Allison Dorsey. To Build Our Lives Together: Community Formation in Black Atlanta, 1875-1906. Athens: University of Georgia Press, 2004. ix + 238 pp. $19.95 (paper), ISBN 978-0-8203-2619-1; $49.95 (cloth), ISBN 978-0-8203-2618-4.
Reviewed by Robert Cassanello (Department of History, University of Central Florida)
Published on H-Urban (November, 2004)
Uplift Philosophy and the Emergence of Black Atlanta
Bill Cosby and his critics have reminded America that African Americans are bitterly divided along lines of class and social status. Although supporters of the comic have argued that his diatribe about "low economic blacks" was timely and to the point, his critics have lambasted him as an out-of-touch elitist. What is most amazing is that so many cultural critics and journalists believe that Cosby's attack on the black underclass was somehow new. Works by Kevin K. Gaines, Evelyn Brooks Higginbotham, Barbara Y. Welke, and Fon Louise Gordon have demonstrated the complexity of black thought in regards to social uplift strategies, specifically how the black elite viewed and chastised the black underclass as the cause for white racism in the South. These authors have documented and analyzed the origins of this racial "uplift" rhetoric. These leaders meant to lead the black masses by example and show poor blacks how to acculturate themselves through refinement and Victorian Era values and morals so that the race as a whole might be one day accepted by a majority of white America. Allison Dorsey, in her book To Build Our Lives Together, examines the impact of these ideas and strategies on the development of the black community in Atlanta in the late nineteenth century. She integrates the role black leadership and community building in Atlanta had on its development and uses this evidence as a case study of how these divergent ideas of racial uplift, social status and racial acceptance helped to shape the New South city.
Although the title states the study starts in 1875, the author traces the development of Atlanta back to the 1820s as an antebellum trading outpost in Northwest Georgia. The study really picks up at the end of Reconstruction and the emergence of Black Atlanta as a self-sustaining autonomous ethnic enclave within the city. The book then traces how black leaders used churches, schools, community and fraternal organizations to transmit social policy meant to uplift and reform the race. The book concludes with the Atlanta Race Riot of 1906, which the author believes closed the chapter on this uplift period. Overall the author makes the case that survival strategies and traditions founded in slavery were useful in creating this early black metropolis. These organizations and community groups tried desperately to fashion policies and programs that would contribute to a greater sense of racial understanding and community for blacks as well as demonstrate to whites that the black race was progressing toward civilization. However as the author notes, Atlanta as well as other cities of this period experienced a movement that installed disfranchisement, violence, segregation, and white supremacy as social policy which discouraged and derailed the efforts of elite black reformers.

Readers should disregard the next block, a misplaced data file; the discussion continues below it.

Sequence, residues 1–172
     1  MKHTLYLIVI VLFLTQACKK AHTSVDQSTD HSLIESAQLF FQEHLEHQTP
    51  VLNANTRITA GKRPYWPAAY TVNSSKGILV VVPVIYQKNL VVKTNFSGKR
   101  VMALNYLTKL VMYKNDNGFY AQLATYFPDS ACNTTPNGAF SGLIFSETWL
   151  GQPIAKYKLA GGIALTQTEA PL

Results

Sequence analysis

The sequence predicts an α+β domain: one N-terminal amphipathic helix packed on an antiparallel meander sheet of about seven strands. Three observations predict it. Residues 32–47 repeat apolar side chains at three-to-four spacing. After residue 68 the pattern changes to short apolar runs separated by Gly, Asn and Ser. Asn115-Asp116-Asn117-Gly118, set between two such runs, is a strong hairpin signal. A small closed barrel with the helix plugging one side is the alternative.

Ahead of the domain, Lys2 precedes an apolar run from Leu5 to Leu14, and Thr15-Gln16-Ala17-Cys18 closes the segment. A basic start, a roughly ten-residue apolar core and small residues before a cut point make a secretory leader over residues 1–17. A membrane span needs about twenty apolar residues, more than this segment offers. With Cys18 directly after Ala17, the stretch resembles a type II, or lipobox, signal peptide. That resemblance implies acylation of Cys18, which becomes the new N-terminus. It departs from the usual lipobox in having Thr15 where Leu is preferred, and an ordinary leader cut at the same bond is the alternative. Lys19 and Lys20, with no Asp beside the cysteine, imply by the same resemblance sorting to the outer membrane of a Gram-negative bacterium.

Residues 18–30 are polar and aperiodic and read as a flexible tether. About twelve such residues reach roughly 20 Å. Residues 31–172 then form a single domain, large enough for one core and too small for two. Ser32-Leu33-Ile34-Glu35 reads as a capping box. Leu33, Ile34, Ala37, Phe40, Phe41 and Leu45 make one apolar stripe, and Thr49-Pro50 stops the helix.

Dorsey pulls together a wealth of sources on black Atlanta and for scholars unfamiliar with the city she seems to have left no stone unturned. Through careful examination of newspapers, city directories, church records, civic documents, and manuscript collections, the author has weaved a detailed and multifaceted picture of black elite life and culture in one Southern community. Since sources are so rich of the privileged classes, many scholars have a tendency to concentrate on them at the expense of the working and underclasses, however Dorsey manages to include their voices and opinions throughout the monograph as well.
There are a great many strengths to this work. It is detailed and exhaustive at fewer than two hundred pages, which would translate well for classroom use and earn the affection of students in a variety of classes. What is the real strength of this book is its detailed attention to related literature on the subjects covered in the text. Reading this book is like visualizing a quilt of what has been written in the last fifteen years on race, gender, class, sexuality, and social stratification. The author effortlessly demonstrates how the work of other scholars in a variety of subfields and other disciplines has an intimacy to our understanding of early Black Atlanta. As a result this work becomes important for researchers and scholars interested in ideas and theories of community development and intra-ethnic relations that might be unrelated to this specific city or even African Americans in general. There is little to be dissatisfied with in this book, it is bold, authoritative and comprehensive. The only thing readers will be longing for is a better understanding of the pre-1875 and post-riot histories of city. This book will soon inspire those other works.
If there is additional discussion of this review, you may access it through the network, at: https://networks.h-net.org/h-urban.
Robert Cassanello. Review of Dorsey, Allison, To Build Our Lives Together: Community Formation in Black Atlanta, 1875-1906.
H-Urban, H-Net Reviews.
Copyright © 2004 by H-Net, all rights reserved. H-Net permits the redistribution and reprinting of this work for nonprofit, educational purposes, with full and accurate attribution to the author, web location, date of publication, originating list, and H-Net: Humanities & Social Sciences Online. For any other proposed use, contact the Reviews editorial staff at email@example.com.